Advertisement
New Zealand markets closed
  • NZX 50

    11,557.21
    -121.47 (-1.04%)
     
  • NZD/USD

    0.6108
    -0.0009 (-0.15%)
     
  • ALL ORDS

    7,895.90
    -39.80 (-0.50%)
     
  • OIL

    79.06
    -0.17 (-0.21%)
     
  • GOLD

    2,355.00
    -9.10 (-0.38%)
     

Income Investors Should Know That Eli Lilly and Company (NYSE:LLY) Goes Ex-Dividend Soon

Readers hoping to buy Eli Lilly and Company (NYSE:LLY) for its dividend will need to make their move shortly, as the stock is about to trade ex-dividend. The ex-dividend date occurs one day before the record date which is the day on which shareholders need to be on the company's books in order to receive a dividend. It is important to be aware of the ex-dividend date because any trade on the stock needs to have been settled on or before the record date. This means that investors who purchase Eli Lilly's shares on or after the 12th of May will not receive the dividend, which will be paid on the 9th of June.

The company's next dividend payment will be US$1.13 per share, on the back of last year when the company paid a total of US$4.52 to shareholders. Based on the last year's worth of payments, Eli Lilly has a trailing yield of 1.1% on the current stock price of $427.81. We love seeing companies pay a dividend, but it's also important to be sure that laying the golden eggs isn't going to kill our golden goose! So we need to check whether the dividend payments are covered, and if earnings are growing.

View our latest analysis for Eli Lilly

Dividends are usually paid out of company profits, so if a company pays out more than it earned then its dividend is usually at greater risk of being cut. Eli Lilly paid out more than half (64%) of its earnings last year, which is a regular payout ratio for most companies. Yet cash flows are even more important than profits for assessing a dividend, so we need to see if the company generated enough cash to pay its distribution. The company paid out 97% of its free cash flow over the last year, which we think is outside the ideal range for most businesses. Cash flows are usually much more volatile than earnings, so this could be a temporary effect - but we'd generally want to look more closely here.

ADVERTISEMENT

While Eli Lilly's dividends were covered by the company's reported profits, cash is somewhat more important, so it's not great to see that the company didn't generate enough cash to pay its dividend. Were this to happen repeatedly, this would be a risk to Eli Lilly's ability to maintain its dividend.

Click here to see the company's payout ratio, plus analyst estimates of its future dividends.

historic-dividend
historic-dividend

Have Earnings And Dividends Been Growing?

Companies with consistently growing earnings per share generally make the best dividend stocks, as they usually find it easier to grow dividends per share. If earnings fall far enough, the company could be forced to cut its dividend. That's why it's comforting to see Eli Lilly's earnings have been skyrocketing, up 25% per annum for the past five years. Earnings have been growing quickly, but we're concerned dividend payments consumed most of the company's cash flow over the past year.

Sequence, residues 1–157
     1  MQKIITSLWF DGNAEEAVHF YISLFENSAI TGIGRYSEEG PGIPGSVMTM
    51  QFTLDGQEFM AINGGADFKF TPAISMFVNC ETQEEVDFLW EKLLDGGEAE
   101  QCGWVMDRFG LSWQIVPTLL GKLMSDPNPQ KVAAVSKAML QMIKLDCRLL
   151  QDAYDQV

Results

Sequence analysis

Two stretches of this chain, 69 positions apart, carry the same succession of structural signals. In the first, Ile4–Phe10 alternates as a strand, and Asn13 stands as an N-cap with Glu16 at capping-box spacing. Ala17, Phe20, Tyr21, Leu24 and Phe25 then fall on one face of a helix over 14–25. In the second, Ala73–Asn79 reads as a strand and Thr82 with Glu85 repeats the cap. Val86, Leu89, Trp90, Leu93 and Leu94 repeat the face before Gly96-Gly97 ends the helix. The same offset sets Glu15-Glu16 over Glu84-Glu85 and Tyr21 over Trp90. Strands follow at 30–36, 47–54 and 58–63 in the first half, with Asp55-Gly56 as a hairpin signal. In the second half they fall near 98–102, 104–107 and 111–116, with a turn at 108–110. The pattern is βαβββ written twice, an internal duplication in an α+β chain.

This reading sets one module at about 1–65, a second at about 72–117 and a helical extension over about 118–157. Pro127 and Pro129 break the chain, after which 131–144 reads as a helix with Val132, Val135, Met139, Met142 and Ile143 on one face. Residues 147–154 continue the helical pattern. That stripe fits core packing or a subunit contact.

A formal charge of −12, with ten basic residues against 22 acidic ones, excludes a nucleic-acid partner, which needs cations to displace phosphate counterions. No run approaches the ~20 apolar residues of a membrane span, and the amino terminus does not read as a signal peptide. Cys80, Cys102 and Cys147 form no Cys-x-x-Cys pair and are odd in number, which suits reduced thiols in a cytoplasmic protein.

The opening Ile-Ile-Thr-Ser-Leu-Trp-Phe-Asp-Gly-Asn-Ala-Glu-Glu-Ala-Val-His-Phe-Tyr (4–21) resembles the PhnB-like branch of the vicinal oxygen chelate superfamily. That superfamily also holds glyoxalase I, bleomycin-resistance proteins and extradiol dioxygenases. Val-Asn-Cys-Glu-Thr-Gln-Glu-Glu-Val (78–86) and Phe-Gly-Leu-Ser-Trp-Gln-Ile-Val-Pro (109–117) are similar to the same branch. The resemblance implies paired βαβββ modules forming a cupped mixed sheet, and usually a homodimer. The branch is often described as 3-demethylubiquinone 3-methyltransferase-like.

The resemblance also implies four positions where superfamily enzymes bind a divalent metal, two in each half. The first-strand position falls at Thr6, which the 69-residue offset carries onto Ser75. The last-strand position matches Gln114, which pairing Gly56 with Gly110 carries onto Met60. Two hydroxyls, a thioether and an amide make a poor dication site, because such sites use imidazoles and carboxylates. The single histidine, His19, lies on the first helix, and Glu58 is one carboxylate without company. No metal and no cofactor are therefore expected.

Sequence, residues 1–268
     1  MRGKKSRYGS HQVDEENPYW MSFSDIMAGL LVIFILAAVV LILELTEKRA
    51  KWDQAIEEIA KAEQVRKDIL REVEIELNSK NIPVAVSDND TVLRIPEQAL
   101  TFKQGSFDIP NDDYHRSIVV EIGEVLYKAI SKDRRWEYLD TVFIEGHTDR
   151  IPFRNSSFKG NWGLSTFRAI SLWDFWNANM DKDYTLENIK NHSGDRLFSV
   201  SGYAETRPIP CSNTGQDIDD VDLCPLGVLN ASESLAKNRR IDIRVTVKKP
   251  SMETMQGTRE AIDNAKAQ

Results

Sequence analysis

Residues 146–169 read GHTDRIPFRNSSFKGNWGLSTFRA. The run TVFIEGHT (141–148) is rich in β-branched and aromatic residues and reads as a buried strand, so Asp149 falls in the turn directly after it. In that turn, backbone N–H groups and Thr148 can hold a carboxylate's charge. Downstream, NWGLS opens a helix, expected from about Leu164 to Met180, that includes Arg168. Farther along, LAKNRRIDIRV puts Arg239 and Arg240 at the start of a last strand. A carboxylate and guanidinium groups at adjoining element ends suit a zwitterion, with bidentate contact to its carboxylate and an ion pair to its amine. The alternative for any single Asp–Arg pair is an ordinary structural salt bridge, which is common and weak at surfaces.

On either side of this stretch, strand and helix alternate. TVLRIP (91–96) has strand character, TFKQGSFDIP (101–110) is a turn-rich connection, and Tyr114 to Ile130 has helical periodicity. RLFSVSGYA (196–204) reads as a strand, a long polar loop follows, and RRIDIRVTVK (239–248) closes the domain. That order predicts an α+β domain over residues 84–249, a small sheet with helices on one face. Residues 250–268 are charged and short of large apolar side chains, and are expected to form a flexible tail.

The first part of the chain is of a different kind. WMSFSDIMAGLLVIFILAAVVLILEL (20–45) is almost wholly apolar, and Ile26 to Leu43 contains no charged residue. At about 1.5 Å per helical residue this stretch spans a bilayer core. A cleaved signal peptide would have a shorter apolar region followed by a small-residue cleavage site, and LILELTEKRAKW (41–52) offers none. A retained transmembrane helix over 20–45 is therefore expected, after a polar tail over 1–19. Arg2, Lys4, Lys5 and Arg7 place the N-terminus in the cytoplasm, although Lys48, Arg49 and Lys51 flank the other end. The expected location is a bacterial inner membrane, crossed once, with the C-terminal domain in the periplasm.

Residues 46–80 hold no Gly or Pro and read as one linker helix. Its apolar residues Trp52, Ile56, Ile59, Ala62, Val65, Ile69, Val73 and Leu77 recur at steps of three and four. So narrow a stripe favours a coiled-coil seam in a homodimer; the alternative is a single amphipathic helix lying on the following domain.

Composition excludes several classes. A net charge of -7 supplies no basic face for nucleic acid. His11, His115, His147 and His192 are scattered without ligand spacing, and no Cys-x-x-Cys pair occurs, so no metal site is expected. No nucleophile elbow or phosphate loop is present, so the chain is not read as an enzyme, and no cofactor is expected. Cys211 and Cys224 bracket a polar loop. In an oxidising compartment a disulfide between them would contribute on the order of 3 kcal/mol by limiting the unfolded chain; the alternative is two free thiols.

Another key way to measure a company's dividend prospects is by measuring its historical rate of dividend growth. Eli Lilly has delivered 8.7% dividend growth per year on average over the past 10 years. It's encouraging to see the company lifting dividends while earnings are growing, suggesting at least some corporate interest in rewarding shareholders.

The Bottom Line

From a dividend perspective, should investors buy or avoid Eli Lilly? It's good to see that earnings per share are growing and that the company's payout ratio is within a normal range for most businesses. However we're somewhat concerned that it paid out 97% of its cashflow, which is uncomfortably high. While it does have some good things going for it, we're a bit ambivalent and it would take more to convince us of Eli Lilly's dividend merits.

So if you want to do more digging on Eli Lilly, you'll find it worthwhile knowing the risks that this stock faces. For example - Eli Lilly has 2 warning signs we think you should be aware of.

Generally, we wouldn't recommend just buying the first dividend stock you see. Here's a curated list of interesting stocks that are strong dividend payers.

Have feedback on this article? Concerned about the content? Get in touch with us directly. Alternatively, email editorial-team (at) simplywallst.com.

This article by Simply Wall St is general in nature. We provide commentary based on historical data and analyst forecasts only using an unbiased methodology and our articles are not intended to be financial advice. It does not constitute a recommendation to buy or sell any stock, and does not take account of your objectives, or your financial situation. We aim to bring you long-term focused analysis driven by fundamental data. Note that our analysis may not factor in the latest price-sensitive company announcements or qualitative material. Simply Wall St has no position in any stocks mentioned.

Join A Paid User Research Session
You’ll receive a US$30 Amazon Gift card for 1 hour of your time while helping us build better investing tools for the individual investors like yourself. Sign up here